Mafia In Sicily

Sicily, is the motherland of the Mafia. It is a beautiful island in the Mediterranean Sea infested with unlimited series of vendettas, crimes and assassinations. The Sicilian Mafia is a loose confederation of about one hundred Mafia Families. Every single Mafia Family claims sovereignty over a territory, usually a town or village or a neighborhood of a larger city even though they never completely conquered and legitimized their0 monopoly of violence by fully eradicating all other Mafia Families. For many years, single Mafia Families were the sole ruling bodies, and they have remained the real centers of power even after the creation of subordinate bodies in the 1950s like the Sicilian Mafia Commission.

Many Sicilians did not regard these men as mere criminals but as role models for the people to follow and imitate; and as protectors, given that the ruling government appeared to offer no protection for the oppressed, poor and weak. Even in the 1950s, many people were still of the opinion that the Mafia was not criminal, but stood for respect of the law, defense of all rights and greatness of character. In Sicily, "Mafia" once meant something like pride, honor, and even social responsibility. It was like an attitude-cum-organization. Being a mafioso, also meant being honorable, noble and generous.

After the Revolution of 1848 and the revolution of 1860, Sicily had fallen prey to complete disorder, chaos and anarchy. The earliest Mafia Families who at that time were small bands of outlaws offered to fight in the in the revolt. The main reasons for this were believed to be the chance to burn police records and evidence and to kill off police and witnesses in the chaos. Unfortunately, a new government was established in Rome and it became impossible for the mafia to carry out these actions without state prosecution and retaliation. As a result, they began refining their methods and techniques over the latter half of the nineteenth century. Protecting the large lemon groves and huge estates of local nobility became a lucrative but dangerous business. Palermo, the capital of Sicily, was initially the main area of these activities, but the Sicilian mafia's dominance soon spread all over Sicily. In order to strengthen the bond between the separate Mafia Families and to ensure greater profits and a safer working environment for all, it is possible that the Mafia as it is today was formed in about the mid-19th century.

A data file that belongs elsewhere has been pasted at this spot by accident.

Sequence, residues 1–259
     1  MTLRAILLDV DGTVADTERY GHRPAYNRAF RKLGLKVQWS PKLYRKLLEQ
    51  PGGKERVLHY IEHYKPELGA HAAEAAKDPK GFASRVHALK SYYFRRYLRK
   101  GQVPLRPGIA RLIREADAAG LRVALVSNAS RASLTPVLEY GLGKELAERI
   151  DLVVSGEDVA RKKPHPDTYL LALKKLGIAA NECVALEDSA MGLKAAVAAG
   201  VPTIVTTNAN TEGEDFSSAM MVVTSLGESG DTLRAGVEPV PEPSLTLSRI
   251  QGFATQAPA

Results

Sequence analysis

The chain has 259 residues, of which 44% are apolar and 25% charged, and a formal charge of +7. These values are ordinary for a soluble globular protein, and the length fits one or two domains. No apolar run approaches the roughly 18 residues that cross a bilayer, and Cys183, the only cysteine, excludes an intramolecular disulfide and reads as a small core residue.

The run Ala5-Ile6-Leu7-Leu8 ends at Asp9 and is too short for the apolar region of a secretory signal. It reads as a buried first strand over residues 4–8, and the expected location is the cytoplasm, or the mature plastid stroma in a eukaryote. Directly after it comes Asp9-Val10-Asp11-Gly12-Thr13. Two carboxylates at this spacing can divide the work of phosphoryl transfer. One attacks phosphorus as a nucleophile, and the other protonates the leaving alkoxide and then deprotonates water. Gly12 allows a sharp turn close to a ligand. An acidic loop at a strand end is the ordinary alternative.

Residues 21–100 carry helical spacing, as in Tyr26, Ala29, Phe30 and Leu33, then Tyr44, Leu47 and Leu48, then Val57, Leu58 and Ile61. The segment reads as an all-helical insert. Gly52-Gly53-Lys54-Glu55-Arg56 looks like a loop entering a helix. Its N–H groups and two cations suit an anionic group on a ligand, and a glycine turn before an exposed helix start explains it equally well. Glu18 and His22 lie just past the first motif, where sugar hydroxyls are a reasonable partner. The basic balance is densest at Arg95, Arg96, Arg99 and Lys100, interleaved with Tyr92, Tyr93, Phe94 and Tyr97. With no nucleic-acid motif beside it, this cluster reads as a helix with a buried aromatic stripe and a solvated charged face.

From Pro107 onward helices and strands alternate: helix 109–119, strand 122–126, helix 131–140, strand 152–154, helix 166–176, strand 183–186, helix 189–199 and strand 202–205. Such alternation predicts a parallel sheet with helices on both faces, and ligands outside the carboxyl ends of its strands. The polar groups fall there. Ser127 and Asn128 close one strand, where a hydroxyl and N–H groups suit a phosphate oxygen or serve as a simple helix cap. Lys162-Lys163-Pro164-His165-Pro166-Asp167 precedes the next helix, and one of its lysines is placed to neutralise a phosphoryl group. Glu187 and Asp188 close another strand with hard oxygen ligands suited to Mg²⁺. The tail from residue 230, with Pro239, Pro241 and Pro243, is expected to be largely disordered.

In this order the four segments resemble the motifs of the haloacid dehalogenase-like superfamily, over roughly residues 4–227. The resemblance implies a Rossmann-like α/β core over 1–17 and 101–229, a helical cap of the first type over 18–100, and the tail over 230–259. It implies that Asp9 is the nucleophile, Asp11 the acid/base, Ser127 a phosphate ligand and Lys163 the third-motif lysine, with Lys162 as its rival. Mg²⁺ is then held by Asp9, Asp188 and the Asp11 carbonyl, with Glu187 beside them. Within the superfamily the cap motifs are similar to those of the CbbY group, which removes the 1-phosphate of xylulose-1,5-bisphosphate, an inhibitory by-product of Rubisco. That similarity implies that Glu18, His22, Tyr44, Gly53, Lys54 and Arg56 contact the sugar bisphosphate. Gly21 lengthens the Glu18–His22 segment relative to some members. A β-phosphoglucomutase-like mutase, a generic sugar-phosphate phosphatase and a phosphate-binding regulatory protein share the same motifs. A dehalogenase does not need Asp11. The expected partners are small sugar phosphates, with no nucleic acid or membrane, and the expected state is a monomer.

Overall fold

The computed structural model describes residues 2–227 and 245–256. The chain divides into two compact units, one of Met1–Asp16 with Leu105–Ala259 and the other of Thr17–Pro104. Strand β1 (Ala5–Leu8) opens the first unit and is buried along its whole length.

In 1860, the new unified Italian state took over both Sicily and the Papal States. As a result, the Popes were hostile to the state. In 1870, the Pope declared himself to be besieged by the Italian state and strongly encouraged faithful Catholics to refuse to cooperate with the state. However this did not result in violence in Sicily. The friction and resentment between the Church and the state gave a great advantage and opportunity to the Mafia in Sicily who claimed to the ordinary people that cooperating with the police who worked for the state was an anti-Catholic activity. Protection rackets, cattle rustling and bribery of state officials were the main sources of income and protection for the early Mafia. The Mafia also borrowed from masonic oaths and rituals, such as the famous initiation ceremony.

During the Fascist period in Italy, Cesare Mori, prefect of Palermo, used the special powers granted to him to prosecute the Mafia Families, forcing many Mafiosi to flee abroad or risk being jailed. Many of the Mafiosi emigrated to the United States. The Fascist authorities declared that the Mafia had been vanquished. Though the Mafia had been severely weakened, it had not been defeated as claimed. Many Mafiosi were arrested and many were killed in the violence. People suspected to be involved with the Mafia were arrested and imprisoned without fair trials. The Mafia was in a extremely dire situation and most of its activities were at a standstill.